We’re wrapping up our time in Buenos Aires and getting ready to head out to the Argentine countryside as our trip around the world enters November. November? That amazes and delights me. Have we really been traveling for that long? The calendar does not lie. Our first stop after Buenos Aires is the popular wine region of Mendoza. We’re not entirely sure what we’ll get up to in Mendoza and nearby Maipu, but rest assured that it includes drinking lots of wine. With any luck, well also get Brooke riding a horse for the first time in her life. Man, plans that can be best described as a few days of drinking wine in Argentina is the epitome of why we decided to embark on this RTW adventure in the first place. From Mendoza we may take a bus west to Chile or just had directly to the beach in Mar Del Plata.
Wherever we end up, I’m having no trouble getting behind this lovely spring weather. Our Spanish is holding up okay around the Buenos Aires. When people ask us where we’re from and after we respond “Nuevo York, Estados Unidos” we’ve been getting a lot of comments and questions about Sandy. Our friends and family in New York and the Northeast have been on our mind and in our thoughts over the last few days. It’s been nice that coverage of the storm has been widely available down here. Judging by social media and e-mail, luckily it looks like everyone we know made it through the storm of the century okay. So, good news there.
We only managed to kick around a few neighborhoods during our time in Buenos Aires, but it was interesting to see the stark differences in an area like San Telmo compared to that of an area such as Palermo. We spent our first two days in San Telmo at a quirky but lovely hotel called the Ayres Porteno Tango Hotel. Complete with life-size mannequins of Argentine greats such as Eva Peron (it’s hard to convey how much they love this woman), Diego Mardona and Carlos Gardel. Like many buildings in the neighborhoods, the hotel was likely once a grand, old 19th century mansion broken up and converted into a small hotel after an outbreak of Yellow Fever. San Telmo was made up of beautiful doors and facades scattered across a sort of beat up, mostly unremarkable neighborhood. The notable exception were some playhouses and hidden dinner spots. However, you also get the impression that there are some real gems hidden behind these outer walls.
We also spent time staying at the awesome Tango Lodge in the Palermo section of town. We discovered the cute storefronts and cafes of the fancy upscale neighborhood of Palermo Viejo. Graffiti and homelessness found in other areas was replaced by quirky and stylish high end shops with outdoor street fairs and vendors on the weekends. Palermo, which has become incredibly popular in recent years, has been subdivided by real estate developers into Palermo Soho, Palermo Hollywood and more. The area is packed with cute stores selling everything from Tango Shoes to designer toddler t-shirts. While I have a slightly better overall impression of Buenos Aires than Brooke does, I do agree that I would have liked the city even more if we began our stay in Palermo. That being said, I’m glad that we stayed in and explored both areas. No matter where we were, it was hard to ignore the native love for Dulce De Leche. I’m pretty sure a healthy heaping of Dulce De Leche factored into just about every breakfast we had. One change I would suggest to the government of Buenos Aires is that I might not hurt to add cross walk lights for pedestrians on all FOUR corners of an intersection. When you only have walk/don’t walk signs on two corners, it can make it incredibly confusing for those determining when the safe time is to cross the street. Just a suggestion.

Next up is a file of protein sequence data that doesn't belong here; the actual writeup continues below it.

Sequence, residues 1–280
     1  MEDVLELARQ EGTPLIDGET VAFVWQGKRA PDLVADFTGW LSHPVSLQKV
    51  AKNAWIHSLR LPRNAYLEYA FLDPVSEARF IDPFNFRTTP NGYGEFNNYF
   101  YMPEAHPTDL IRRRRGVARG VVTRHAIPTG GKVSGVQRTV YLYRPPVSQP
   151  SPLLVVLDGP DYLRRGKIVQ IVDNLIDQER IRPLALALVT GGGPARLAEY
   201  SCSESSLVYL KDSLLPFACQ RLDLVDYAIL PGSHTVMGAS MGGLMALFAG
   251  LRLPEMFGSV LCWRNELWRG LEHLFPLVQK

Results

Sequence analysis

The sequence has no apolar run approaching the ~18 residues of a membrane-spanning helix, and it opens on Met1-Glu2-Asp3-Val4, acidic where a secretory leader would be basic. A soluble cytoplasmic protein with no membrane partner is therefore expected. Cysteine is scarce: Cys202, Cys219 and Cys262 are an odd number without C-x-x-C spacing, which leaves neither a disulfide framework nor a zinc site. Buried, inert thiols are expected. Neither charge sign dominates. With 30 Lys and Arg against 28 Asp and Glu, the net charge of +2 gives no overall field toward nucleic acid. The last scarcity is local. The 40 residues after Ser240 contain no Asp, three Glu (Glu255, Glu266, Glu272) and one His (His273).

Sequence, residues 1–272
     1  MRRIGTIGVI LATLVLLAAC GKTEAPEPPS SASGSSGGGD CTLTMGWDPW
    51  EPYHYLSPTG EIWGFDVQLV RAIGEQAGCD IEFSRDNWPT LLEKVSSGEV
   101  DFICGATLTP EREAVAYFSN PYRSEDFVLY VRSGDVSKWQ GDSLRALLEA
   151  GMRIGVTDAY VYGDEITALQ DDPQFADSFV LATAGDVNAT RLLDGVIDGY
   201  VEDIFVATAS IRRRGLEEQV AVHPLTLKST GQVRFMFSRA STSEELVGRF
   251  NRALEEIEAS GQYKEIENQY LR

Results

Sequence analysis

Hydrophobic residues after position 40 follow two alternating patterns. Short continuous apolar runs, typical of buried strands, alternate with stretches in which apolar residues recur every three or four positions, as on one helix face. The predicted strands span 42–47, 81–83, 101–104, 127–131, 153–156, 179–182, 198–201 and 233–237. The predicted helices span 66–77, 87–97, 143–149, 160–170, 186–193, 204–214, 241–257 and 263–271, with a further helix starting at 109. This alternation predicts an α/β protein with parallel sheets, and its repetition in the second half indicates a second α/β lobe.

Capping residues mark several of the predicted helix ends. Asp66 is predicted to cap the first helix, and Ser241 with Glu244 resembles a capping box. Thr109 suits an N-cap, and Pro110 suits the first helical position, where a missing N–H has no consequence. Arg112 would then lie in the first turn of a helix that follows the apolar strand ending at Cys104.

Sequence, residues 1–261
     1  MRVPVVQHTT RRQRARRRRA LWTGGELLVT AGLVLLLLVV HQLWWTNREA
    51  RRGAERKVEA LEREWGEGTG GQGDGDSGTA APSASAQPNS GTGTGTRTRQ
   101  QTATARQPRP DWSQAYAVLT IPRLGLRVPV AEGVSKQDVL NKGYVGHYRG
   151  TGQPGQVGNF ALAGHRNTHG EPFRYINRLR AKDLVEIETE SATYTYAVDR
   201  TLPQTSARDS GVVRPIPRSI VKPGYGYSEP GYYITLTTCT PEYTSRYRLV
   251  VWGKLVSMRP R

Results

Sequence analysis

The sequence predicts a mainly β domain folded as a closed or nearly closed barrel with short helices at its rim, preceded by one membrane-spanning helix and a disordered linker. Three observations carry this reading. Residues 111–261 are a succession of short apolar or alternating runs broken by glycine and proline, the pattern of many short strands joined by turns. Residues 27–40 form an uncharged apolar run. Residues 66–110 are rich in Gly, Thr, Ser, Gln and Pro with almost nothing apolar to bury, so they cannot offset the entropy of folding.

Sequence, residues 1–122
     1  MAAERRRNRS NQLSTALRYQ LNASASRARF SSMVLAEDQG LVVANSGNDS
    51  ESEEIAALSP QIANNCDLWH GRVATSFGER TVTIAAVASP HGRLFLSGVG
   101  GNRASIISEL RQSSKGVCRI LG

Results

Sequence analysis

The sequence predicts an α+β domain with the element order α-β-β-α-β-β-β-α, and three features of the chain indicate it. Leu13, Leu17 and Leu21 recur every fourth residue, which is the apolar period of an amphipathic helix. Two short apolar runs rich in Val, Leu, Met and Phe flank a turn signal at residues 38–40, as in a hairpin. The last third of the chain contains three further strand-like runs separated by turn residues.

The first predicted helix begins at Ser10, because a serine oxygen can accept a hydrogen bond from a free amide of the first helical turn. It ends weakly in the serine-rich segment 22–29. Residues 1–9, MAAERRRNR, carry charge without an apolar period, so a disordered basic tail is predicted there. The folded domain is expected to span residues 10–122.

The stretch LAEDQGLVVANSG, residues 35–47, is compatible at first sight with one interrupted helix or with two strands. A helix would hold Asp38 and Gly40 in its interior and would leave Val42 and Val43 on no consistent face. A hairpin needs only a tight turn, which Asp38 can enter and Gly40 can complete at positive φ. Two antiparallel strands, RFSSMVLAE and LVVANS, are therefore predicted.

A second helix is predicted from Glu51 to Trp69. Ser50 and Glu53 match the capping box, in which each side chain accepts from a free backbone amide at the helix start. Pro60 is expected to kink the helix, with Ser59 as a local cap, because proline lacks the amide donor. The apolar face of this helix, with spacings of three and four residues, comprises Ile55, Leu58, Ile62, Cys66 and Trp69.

We’ve found Buenos Aires to be a bit of an ironic name for this city. With unregulated emissions from both cars and an infinite number of city buses, the air in this metropolis is anything but good. In some areas, the city’s solution to congestion has been to build roads that are eight to twelve lanes wide which, surprise surprise, only generates more pollution and smog. One frustrating element of the city is that B.A. is too vast and spread out to be considered walkable and too poorly served by public transportation to be able to move from neighborhood to neighborhood quickly or easily. While buses criss cross the city, the Subte shuts down around the shockingly early hour of around 11:00 PM. This is both baffling and counter intuitive in a city where dinner often begins around 10:00 PM and bars are hopping till 4:00 AM. To be fair, the system starts up again around 5:00 AM and the fare to ride the relatively reliable system is only about fifty cents. And since Brooke and I have become mavens of Public Transportation during our travels, our new Kollineiser motto may be that there are no buses nor trains nor taxis we cannot conquer.
Brooke and I have fun on this trip. We really do. Many days are full, enjoyable, involved busy and memorable. Other days you just hang out or perhaps ride a bus for 14 hours and then plan to siesta for another three. Ah, it’s hard to believe that it’s officially winding down. But we’re going to make the most of our next few weeks! We still have a lot more of Argentina to see! As always, more tomorrow.